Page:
Sudan Third Civil War 2005- ????
Prior to independence, the unified Sudan had fought two civil wars. The second civil war ended with the signing of the Comprehensive Peace Agreement that was put in place from 2005 to 2011. The CPA set standards for sharing oil revenue (50:50 split) and a timetable toward a referendum on the South's independence. A referendum took place in January 2011 in which the people of the South voted to secede from Sudan. In July 2011, Sudan became two countries: Sudan (Khartoum) and South Sudan (Juba). However, there are still unresolved issues that have caused tension between both countries after independence.
The border separating Sudan and South Sudan is still not officially defined, and some areas remain contested. The current de facto border was established when Sudan gained independence in 1956; it is known as the 1956 border. The CPA called for the border to be demarcated, and a Technical Border Committee (TBC) was established in 2005 to demarcate the 1956 border. The committee agreed on most of the border, but five areas remain disputed.
In January 2012, South Sudan voluntarily shut in all of its oil production because of a dispute with Sudan over oil transit fees. Following South Sudan's secession, Sudan requested transit fees of $32-36/barrel (bbl) in an attempt to make up for the oil revenue loss, while South Sudan offered a transit fee of less than $1/bbl. Tensions escalated at the end of 2011 when Sudan began to confiscate a portion of South Sudan's oil as a payment for unpaid transit fees, and shortly after, South Sudan shut down production.
The 12 February 2012 announcement that Sudan and South Sudan signed a nonaggression pact occurred the same time media headlines were warning the two nations were inching their way to war, making it difficult to discern which it was going to be, “ peace or war?” The answer seemed “both.” Certainly from an economic standpoint peace would be the most advantageous route. That would allow oil-rich but landlocked South Sudan to send its oil through Sudan, which is oil poor but has the infrastructure that would allow the oil to be piped to a port for shipment elsewhere. War, too, seems to be a likely option, as the two nations argue over borders and oil transit fees. Perhaps the present situation, neither a full peace nor all out war, will be the ongoing condition until an event, or series of events, tips the nations one way or the other.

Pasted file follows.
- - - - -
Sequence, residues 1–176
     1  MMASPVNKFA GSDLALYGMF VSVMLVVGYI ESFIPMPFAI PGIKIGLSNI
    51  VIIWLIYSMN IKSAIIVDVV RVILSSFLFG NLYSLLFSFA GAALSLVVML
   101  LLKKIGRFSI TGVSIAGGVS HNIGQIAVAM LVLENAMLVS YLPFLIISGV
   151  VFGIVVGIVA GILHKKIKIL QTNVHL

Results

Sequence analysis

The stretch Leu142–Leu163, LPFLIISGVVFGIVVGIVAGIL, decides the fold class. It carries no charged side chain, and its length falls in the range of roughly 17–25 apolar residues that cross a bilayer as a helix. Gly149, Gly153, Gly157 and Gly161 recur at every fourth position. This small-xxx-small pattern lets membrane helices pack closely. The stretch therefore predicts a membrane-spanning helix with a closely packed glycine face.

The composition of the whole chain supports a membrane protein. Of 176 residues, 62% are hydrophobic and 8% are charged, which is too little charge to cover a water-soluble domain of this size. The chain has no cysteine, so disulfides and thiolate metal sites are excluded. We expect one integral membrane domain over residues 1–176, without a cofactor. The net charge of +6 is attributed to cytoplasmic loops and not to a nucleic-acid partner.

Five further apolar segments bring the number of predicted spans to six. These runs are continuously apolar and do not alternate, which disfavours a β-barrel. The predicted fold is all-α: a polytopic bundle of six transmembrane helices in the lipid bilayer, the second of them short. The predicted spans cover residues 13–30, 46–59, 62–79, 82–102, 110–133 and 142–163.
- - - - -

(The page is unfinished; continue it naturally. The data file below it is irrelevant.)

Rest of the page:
The problems inherent between the two nations stem in large part from how they divided. The Comprehensive Peace Agreement (CPA) signed in 2005 between the northern and southern parts of Sudan was intended to end the Second Sudanese War and allow the southern part of Sudan in six years to have a referendum on its independence. There were other aspects to the CPA, including demilitarization, revenue sharing and borders, though this last part planned for an additional referendum in the sensitive oil-rich area of Abyei near the historical division between the north and south. It is possible the two would not have been able to agree on independence for South Sudan had the exact demarcation of Abyei been fully decided. On 9 July 2011, following a referendum held in January the same year, the independent nation of South Sudan was born, and immediately found itself in turmoil with its northern neighbor.
With neither side trusting the other, disarmament never occurred. With Abyei being a tremendous economic prize, border disputes were inevitable. With Sudan charging what South Sudan felt was an exorbitant oil transit fee, South Sudan stopped sending its oil northward, resulting in both countries losing a tremendous amount of revenue their economies can ill afford to lose. Corruption, lack of transparency, and a long history of bilateral hatred makes negotiations even more difficult. South Sudan has the additional burden of intertribal warfare, which is costing large numbers of lives and is stretching even further an already overextended military.